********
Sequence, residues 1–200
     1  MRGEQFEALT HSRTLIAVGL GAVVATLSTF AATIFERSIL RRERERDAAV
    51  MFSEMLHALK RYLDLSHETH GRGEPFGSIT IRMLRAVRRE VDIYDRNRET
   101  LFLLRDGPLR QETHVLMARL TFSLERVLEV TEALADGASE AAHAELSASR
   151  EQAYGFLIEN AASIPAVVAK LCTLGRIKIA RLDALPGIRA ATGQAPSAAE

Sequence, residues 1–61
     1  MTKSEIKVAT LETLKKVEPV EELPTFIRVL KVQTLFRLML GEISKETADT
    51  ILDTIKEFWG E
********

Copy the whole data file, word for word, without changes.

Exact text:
Sequence, residues 1–200
     1  MRGEQFEALT HSRTLIAVGL GAVVATLSTF AATIFERSIL RRERERDAAV
    51  MFSEMLHALK RYLDLSHETH GRGEPFGSIT IRMLRAVRRE VDIYDRNRET
   101  LFLLRDGPLR QETHVLMARL TFSLERVLEV TEALADGASE AAHAELSASR
   151  EQAYGFLIEN AASIPAVVAK LCTLGRIKIA RLDALPGIRA ATGQAPSAAE

Sequence, residues 1–61
     1  MTKSEIKVAT LETLKKVEPV EELPTFIRVL KVQTLFRLML GEISKETADT
    51  ILDTIKEFWG E